Fascinating Facts About Cats


Nov 17, 2014 by British Blog

They are either the most, or the second-most, popular pet in the UK (there is some dispute about the numbers), and have been domesticated since the time of the ancient Egyptians, yet there is still an awful lot that is unknown about the household cat.



Much of this is down to breeding - or the lack of it. Dogs have been bred selectively, with the aim of achieving particular traits, for many thousands of years, but the same cannot be said of cats. In fact, cats have only been bred for specific qualities since Victorian times, which means they are much closer in type to their wild ancestor (Felis silvestris lybica, which lived in Africa tens of thousands of years ago) than dogs are to theirs.

This means that natural selection, rather than human intervention, has generated the personalities and traits of today's pet cats. It also means that domestic and feral cats are fundamentally the same.


Making friends

However, not everything about cats is natural. While studies have shown that kittens replicate the social behaviour of their parents, humans do dictate feline domestic behaviour, at least to some extent. Researchers have found that cats handled by humans between the ages of three and seven weeks tend to become friendly and sociable, while those who miss out on this human contact before seven weeks, tend to remain shy or stand-offish for life.

This extends to cats' relationships with other animals, too. Cats introduced to other pets between the ages of three and seven weeks tend to bond with them; even, in some cases, if they would be expected to hunt them in the wild. That is why cases have been reported of cats being 'best friends' with pet mice, dogs and even birds.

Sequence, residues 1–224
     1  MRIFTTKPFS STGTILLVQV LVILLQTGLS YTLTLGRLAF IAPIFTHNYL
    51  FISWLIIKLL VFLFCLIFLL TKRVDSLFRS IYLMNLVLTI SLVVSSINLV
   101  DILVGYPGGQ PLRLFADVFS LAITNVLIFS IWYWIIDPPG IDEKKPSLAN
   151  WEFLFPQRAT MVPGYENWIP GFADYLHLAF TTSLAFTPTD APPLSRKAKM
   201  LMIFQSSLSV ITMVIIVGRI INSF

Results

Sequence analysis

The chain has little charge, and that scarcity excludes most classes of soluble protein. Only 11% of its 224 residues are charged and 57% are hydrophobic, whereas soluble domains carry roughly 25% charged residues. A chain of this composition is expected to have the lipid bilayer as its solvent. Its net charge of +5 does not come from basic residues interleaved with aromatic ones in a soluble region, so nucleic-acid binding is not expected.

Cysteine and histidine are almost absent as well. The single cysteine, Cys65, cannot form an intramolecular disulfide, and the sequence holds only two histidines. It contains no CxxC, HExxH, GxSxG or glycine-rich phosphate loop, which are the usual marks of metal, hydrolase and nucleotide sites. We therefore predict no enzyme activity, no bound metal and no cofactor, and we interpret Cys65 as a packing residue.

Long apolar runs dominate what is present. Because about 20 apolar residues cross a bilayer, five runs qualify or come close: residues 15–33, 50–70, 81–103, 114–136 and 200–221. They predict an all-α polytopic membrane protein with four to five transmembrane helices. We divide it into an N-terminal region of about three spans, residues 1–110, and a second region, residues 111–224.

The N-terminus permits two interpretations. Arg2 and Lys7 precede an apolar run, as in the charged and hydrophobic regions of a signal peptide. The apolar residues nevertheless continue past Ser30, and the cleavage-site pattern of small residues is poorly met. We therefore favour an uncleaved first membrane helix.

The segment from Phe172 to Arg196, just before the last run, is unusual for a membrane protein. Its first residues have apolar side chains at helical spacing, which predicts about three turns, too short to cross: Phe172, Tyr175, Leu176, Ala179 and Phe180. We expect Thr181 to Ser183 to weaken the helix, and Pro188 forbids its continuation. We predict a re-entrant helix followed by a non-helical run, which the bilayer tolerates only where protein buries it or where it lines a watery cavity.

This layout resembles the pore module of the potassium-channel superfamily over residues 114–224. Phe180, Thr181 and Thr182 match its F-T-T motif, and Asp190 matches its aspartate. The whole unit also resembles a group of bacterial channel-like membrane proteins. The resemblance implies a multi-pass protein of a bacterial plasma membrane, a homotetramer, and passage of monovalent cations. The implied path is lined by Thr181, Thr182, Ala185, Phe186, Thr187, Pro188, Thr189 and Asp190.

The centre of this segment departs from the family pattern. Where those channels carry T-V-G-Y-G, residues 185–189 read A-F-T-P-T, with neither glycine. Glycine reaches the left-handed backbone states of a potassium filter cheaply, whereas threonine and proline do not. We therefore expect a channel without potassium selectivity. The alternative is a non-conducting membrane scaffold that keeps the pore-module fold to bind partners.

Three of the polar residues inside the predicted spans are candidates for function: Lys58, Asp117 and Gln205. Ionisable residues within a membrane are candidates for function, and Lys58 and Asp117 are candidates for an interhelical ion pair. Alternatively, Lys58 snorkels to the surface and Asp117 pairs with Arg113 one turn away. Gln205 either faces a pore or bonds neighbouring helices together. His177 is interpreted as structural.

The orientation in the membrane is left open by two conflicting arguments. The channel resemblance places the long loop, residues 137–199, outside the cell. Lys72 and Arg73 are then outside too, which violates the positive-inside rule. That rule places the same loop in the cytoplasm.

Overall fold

Many people seem to think that dogs and cats are natural enemies, but in fact it seems they simply have a communication problem. The body language of dogs is very different to that of cats, so they find it hard to interpret each other, just as speakers of different human languages might. In fact, there is no reason why cats and dogs cannot live harmoniously together - many do - but this is made much easier if they are introduced at a young age, ideally when both are six months old or less.



While many cats are undeniably bright, the scientific community tends to credit dogs with greater brainpower. A 2010 study concluded that social animals, such as dogs, had evolved greater brain function than solo creatures, such as cats. However, cats are acknowledged to be more verbally expressive than dogs: some wild cats have even been known to imitate the call of their prey in order to attract them.


Fat felines

While the British love of cats shows no sign of abating, some are killing their cats with kindness, in the form of over-feeding. Most domestic cats get relatively little exercise, so only need around 200 calories a day. However, many cat foods contain more calories than that in a single serving, contributing to an epidemic of feline obesity that has many vets worried.